The Florida Board of Nursing released a new declaratory statement regarding aesthetic injections, which has garnered attention from registered nurses (RNs) nationwide. Florida has had ambiguous rules for several years regarding whether RNs may inject Botox and fillers. Luckily, new guidance suggests that the Florida Board of Nursing is more open to allowing RNs to perform aesthetic injections than it used to be. This shift in the Board’s opinion on RNs performing aesthetic injections will hopefully make it easier for med spas to offer these popular services to their patients.
In this blog post, we will delve into the details of the declaratory statement, its implications for RNs, and the significance of this development in aesthetic injections.
The Florida Nursing Board previously had guidance on its website stating that “The injection of Botox is not within the scope of practice or practical or registered nurses and does not constitute the administration of medication.” However, in 2015, an Administrative Law Judge found that the Nursing Board could not use that statement as a basis for disciplinary action against an RN who injected Botox or fillers.
Although it seemed that an RN would be able to administer Botox and filler injections under the supervision of a physician after the 2015 ruling, the Florida Board of Nursing issued a declaratory statement in October 2017 finding that the RN was not permitted to administer injections of Botox and fillers even though the RN had taken a certification course and was administering the injections under the supervision of a physician because aesthetic injections fall outside the scope of practice for RNs.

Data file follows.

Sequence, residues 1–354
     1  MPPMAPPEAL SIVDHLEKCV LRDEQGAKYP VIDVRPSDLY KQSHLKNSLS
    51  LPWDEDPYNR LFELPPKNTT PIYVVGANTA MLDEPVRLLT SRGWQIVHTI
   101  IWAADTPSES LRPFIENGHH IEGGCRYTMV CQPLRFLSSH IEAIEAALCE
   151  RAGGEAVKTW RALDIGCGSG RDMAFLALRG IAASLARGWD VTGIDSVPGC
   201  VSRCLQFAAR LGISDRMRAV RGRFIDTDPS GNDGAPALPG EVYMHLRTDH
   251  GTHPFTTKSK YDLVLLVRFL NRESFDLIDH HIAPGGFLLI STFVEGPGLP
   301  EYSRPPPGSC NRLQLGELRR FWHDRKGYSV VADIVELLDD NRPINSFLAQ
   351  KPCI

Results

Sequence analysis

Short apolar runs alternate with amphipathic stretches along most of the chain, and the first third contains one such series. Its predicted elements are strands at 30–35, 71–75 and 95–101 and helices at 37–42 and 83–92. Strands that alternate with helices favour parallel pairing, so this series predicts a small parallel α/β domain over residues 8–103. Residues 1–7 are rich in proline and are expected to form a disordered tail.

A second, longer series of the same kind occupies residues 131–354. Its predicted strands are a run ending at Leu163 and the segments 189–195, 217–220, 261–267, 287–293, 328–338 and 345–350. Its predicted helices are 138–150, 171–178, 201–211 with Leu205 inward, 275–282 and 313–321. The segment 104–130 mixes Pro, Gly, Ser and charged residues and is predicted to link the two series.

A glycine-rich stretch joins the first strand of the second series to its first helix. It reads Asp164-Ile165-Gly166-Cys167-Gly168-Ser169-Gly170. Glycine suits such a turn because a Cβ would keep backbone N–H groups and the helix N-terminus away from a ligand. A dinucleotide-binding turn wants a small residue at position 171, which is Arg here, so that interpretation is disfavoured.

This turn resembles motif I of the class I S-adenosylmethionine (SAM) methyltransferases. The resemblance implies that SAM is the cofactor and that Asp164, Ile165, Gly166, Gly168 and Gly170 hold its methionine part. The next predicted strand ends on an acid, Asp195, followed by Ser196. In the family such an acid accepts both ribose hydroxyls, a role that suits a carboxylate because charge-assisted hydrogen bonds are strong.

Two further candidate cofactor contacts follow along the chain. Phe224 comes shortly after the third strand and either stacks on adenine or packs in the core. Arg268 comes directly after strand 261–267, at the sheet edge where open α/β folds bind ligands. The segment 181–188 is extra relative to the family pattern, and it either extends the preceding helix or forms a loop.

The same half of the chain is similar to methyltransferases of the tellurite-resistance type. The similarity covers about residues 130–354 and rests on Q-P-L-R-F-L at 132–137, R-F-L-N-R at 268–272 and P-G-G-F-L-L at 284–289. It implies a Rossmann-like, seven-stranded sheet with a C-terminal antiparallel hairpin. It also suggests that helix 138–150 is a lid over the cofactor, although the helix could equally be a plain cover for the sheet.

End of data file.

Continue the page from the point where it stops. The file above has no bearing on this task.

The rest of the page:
Although declaratory statements only apply to the specific facts of the RN that requested the declaratory statement, the 2017 declaratory statement made it appear that the Board of Nursing had an unwritten policy that RNs were not allowed to inject Botox or dermal fillers.
On July 7, 2023, the Florida Nursing Board issued a new declaratory statement following a recent request from an RN that the Board clarify whether the RN could administer Botox under the supervision of a physician. The Board found that the RN could administer Botox injections under a physician’s supervision because administering Botox was within the RN’s “specific and particular education, training, and experience.” The RN had observed a physician and nurse practitioner performing aesthetic injections for four years and had taken a 12-hour CME course on aesthetic medicine. This finding significantly differs from the Board’s prior findings regarding aesthetic injections. It suggests an increased openness to allowing RNs to perform aesthetic injections following sufficient training under the supervision of a physician.
We will continue to monitor this development and provide updates on any further statements for the Florida Board of Nursing clarifying this issue.
*This blog post is for informational purposes only and does not constitute legal, financial, or medical advice or the forging of an attorney-client relationship. Please retain the services of an attorney to receive legal advice on how the law applies to your business.